Table 1 Socio-demographic characteristics of the study population for in-depth interviews
Table 2 Socio-demographic characteristics of the study population for the focus group

Data collection

A female researcher, trained in qualitative methods, conducted the fieldwork for the interviews and focus group between May and June 2022. Each interview lasted approximately 45 min, and the focus group lasted approximately 90 min. Both the interviews and focus group were conducted online. Interviews and focus group recordings were transcribed verbatim and sent to the project team for independent analysis.


Interview and focus group data were analysed separately by LP (Specialty Registrar and lecturer in Public Health) and EB (Health Psychology Lecturer) using semi-deductive reflexive thematic analysis [22], framed by a subtle realist approach [23]. All parts of the analysis were carried out using Microsoft Excel and Word. In line with Braun and Clarke’s [22] six-step process, lead analysts LP and EB each coded four of the in-depth interviews in MS Word, which was subsequently cross-checked by the other analyst for interrater reliability. LP and EB met weekly during the coding phase to review codes, and agree on the removal, addition, or amalgamation of codes. MS Excel facilitated the further reflective reviewing and organisation of codes. Both LP and EB contributed to the analysis of the focus group transcript.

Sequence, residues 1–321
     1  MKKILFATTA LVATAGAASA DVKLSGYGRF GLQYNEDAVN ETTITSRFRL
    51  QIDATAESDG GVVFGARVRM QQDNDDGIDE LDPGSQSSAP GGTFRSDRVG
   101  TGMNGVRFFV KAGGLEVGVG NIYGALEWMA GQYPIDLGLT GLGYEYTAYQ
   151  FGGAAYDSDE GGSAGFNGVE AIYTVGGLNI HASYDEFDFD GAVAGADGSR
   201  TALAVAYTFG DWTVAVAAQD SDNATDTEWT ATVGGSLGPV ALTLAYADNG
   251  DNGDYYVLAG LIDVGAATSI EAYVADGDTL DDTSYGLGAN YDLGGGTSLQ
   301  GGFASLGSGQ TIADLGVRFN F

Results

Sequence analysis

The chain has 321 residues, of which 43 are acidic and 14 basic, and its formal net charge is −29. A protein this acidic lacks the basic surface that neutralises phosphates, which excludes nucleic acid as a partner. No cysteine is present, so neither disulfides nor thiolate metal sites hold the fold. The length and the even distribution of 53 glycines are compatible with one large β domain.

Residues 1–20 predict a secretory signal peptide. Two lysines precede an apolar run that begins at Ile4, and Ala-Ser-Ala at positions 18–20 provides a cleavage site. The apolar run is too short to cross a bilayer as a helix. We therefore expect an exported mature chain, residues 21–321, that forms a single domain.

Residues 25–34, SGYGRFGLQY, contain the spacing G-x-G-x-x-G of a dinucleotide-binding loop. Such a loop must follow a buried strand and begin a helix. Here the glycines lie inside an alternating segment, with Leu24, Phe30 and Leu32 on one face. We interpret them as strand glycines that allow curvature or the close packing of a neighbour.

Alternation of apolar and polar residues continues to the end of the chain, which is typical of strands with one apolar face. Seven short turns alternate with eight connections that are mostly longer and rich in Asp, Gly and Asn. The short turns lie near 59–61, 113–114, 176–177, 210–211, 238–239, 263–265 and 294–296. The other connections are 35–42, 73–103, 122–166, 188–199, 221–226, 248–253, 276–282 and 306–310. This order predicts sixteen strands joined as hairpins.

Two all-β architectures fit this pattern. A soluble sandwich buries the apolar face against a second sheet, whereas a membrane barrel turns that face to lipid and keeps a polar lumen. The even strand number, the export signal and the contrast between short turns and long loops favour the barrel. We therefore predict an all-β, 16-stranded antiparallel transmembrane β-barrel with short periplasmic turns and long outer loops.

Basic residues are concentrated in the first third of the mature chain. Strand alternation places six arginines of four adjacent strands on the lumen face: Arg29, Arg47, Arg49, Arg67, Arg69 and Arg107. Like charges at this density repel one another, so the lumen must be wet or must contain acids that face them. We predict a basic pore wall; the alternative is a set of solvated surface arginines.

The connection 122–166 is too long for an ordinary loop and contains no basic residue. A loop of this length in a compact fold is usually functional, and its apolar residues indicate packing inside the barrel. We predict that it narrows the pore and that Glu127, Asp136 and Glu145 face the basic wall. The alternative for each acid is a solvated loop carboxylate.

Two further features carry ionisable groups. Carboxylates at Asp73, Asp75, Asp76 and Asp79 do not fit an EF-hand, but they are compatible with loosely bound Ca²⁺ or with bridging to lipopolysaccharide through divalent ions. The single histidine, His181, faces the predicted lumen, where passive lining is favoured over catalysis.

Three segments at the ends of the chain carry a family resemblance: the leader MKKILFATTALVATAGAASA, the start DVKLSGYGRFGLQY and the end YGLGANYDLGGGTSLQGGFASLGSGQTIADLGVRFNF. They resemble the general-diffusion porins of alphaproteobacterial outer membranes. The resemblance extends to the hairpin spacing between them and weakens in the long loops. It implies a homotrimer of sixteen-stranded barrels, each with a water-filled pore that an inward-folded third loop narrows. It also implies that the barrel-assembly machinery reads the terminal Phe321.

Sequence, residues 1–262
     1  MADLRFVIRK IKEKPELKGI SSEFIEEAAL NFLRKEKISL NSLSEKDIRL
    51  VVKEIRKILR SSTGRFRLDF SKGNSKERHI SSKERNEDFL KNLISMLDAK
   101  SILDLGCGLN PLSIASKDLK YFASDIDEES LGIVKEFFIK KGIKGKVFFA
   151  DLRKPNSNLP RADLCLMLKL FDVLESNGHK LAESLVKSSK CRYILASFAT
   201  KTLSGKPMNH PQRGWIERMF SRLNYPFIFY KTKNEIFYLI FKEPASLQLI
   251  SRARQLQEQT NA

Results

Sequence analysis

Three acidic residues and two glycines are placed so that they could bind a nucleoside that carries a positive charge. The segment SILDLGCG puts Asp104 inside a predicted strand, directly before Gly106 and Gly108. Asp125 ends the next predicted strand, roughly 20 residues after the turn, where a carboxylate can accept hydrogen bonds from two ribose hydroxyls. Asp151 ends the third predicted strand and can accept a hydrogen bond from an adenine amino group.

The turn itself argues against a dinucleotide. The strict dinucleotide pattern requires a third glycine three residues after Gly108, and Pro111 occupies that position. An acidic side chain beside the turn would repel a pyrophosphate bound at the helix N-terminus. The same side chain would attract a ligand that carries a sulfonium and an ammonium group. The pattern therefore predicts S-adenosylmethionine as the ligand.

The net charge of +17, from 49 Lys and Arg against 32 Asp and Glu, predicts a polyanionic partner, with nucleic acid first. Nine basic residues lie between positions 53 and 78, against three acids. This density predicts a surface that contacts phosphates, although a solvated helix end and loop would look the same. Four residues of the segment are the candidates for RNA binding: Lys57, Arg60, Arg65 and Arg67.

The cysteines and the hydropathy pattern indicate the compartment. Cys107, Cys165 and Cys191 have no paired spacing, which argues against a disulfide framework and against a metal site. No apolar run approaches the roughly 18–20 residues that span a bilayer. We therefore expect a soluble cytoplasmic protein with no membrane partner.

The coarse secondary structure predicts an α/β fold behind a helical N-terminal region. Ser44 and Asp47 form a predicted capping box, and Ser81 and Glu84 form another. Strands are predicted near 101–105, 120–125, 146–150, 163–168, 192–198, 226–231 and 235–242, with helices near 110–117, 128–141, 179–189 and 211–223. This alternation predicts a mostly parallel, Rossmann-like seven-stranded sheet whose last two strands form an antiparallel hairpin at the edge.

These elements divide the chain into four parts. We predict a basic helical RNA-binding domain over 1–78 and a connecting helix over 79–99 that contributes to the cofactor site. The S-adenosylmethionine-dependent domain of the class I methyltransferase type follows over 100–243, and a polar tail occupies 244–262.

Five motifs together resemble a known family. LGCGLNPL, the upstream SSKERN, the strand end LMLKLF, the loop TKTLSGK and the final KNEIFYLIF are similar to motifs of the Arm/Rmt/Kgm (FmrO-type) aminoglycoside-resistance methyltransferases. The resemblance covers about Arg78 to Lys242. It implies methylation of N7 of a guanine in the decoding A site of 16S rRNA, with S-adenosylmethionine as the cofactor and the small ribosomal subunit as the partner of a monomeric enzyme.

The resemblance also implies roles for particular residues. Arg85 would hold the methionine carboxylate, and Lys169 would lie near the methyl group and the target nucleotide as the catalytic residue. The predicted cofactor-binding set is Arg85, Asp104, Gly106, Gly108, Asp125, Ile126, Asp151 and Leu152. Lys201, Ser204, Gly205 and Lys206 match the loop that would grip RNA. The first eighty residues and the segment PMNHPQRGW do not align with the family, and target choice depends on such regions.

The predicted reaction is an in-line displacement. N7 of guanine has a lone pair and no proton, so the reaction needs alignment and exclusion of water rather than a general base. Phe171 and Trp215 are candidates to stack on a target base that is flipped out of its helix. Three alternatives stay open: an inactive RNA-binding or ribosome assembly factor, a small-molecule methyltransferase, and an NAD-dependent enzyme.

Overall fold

Initial coding was inductive, and codes were subsequently aligned under the COM-B thematic framework, where they were deemed to conceptually fit [24]. This approach has been successfully applied in previous work exploring the facilitators and barriers to social distancing among young people [24]. Moreover, deductive mapping of codes and subthemes to the COM-B can facilitate the identification of interventions using the Behaviour Change Wheel [19] for public health professionals, which aligned with the aims of this study. ‘Parent’ codes were determined and were used to develop subthemes that remained bound to the source code but provided a higher degree of abstraction. A coding tree was developed to ensure that the subthemes captured the codes and were valid reflections of the data. Thoughts and observations were noted throughout the analysis and perspectives and interpretations were discussed. With the pragmatic constraints on recruitment, we cannot ascertain that data saturation was achieved. However, recurring prominent codes were noted by the point at which the final interviewee transcripts were coded, and any new codes extracted were modest and occurred within individual transcripts. Moreover, data coded for the focus group corroborated the codes and subthemes extracted from the interview data.